Let me go back to the discussion regarding the factors underlying low interest rates. Given that interest rates have fallen 2 percentage points below nominal GDP growth rates, the decrease in the fiscal deficit mentioned earlier cannot fully explain the low interest rates. In fact, the reasons why interest rates have fallen so much are not yet fully understood. However, given that interest rates in the United Kingdom and the United States -- where inflation rates of around 2 percent had been successfully maintained -- have remained higher than interest rates in Japan, it is clear that Japan's past deflationary monetary policy has led to the decline in interest rates. In addition, it is only for the last five or ten years that interest rates have been 2 percentage points below nominal GDP growth rates. Therefore, we might not have to expect this situation to last forever.
Although it is not clear why, interest rates have fallen globally and are negative, not only in Japan but also in many European countries. Banks are dissatisfied with low interest rates. While these have improved the employment situation and boosted productivity, it frequently is argued that they undermine banks' profitability. 19
Before considering the relationship between low interest rates and banks' profitability, I would like to explain banks' functions. How do banks make profits? Textbooks on finance define the functions of banks as consisting of information production and asset transformation and explain banks' profits as the result of performing these two functions. 20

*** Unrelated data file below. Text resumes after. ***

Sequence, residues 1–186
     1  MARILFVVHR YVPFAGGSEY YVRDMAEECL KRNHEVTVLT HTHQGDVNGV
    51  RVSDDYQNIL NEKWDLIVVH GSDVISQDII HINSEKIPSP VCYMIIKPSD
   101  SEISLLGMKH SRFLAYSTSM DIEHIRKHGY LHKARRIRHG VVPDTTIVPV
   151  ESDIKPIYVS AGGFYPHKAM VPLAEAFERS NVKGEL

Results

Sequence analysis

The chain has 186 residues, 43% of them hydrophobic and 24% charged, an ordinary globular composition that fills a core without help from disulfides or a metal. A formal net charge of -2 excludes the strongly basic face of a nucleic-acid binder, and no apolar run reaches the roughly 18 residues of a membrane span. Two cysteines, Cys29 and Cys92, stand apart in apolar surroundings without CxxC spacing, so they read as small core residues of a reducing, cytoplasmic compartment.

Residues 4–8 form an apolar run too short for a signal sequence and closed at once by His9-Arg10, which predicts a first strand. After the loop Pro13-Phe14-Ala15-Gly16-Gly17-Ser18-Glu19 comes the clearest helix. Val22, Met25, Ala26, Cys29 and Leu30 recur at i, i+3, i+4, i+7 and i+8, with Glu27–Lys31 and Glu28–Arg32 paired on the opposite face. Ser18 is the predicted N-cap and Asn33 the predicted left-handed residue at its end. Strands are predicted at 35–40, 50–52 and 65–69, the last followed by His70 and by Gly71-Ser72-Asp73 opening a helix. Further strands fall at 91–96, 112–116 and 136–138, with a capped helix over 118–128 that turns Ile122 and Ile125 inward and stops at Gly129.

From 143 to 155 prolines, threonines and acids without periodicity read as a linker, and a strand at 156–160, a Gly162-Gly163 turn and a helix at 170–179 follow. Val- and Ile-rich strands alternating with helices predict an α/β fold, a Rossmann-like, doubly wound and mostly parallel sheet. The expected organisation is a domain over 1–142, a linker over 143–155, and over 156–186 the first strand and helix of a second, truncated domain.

As for information production, banks, on behalf of depositors, examine borrowers' future profits from investments and the quality of their assets, assess whether the projected outcome has been achieved after a loan was made, and check whether borrowers' accounting information is correct. Banks demand collateral and/or personal guarantees from borrowers. Sufficient collateral and personal guarantees alleviate banks' burdens of monitoring firms' accounting information and therefore reduce the cost of information production. Since depositors cannot demand collateral or personal guarantees, the function of information production falls on banks. If firms provided more detailed accounting information, given that they are sufficiently large, they could obtain funding through capital markets and would not have to rely on bank lending. The reason that in practice most large firms in Japan borrow from banks is that banks provide inexpensive lending to them. This means that lending to large firms is less profitable for banks.
While it is very difficult to project future profits to begin with, there are certain firms other than banks that can project the future profits of another firm more accurately. For instance, a large assembler to a certain extent knows the sales figures of its suppliers. The simple reason is that the assembler procures orders from the supplier. Similarly, trading and other companies that take part in the management of particular firms may also be better placed to project their future profits. Banks compete with such firms with information advantages. Even if the firms they lend to are very successful, the margin that banks can earn is very small. Since banks are not allowed to invest depositors' money, they cannot invest in venture firms and earn returns that are considerable multiples of their outlays.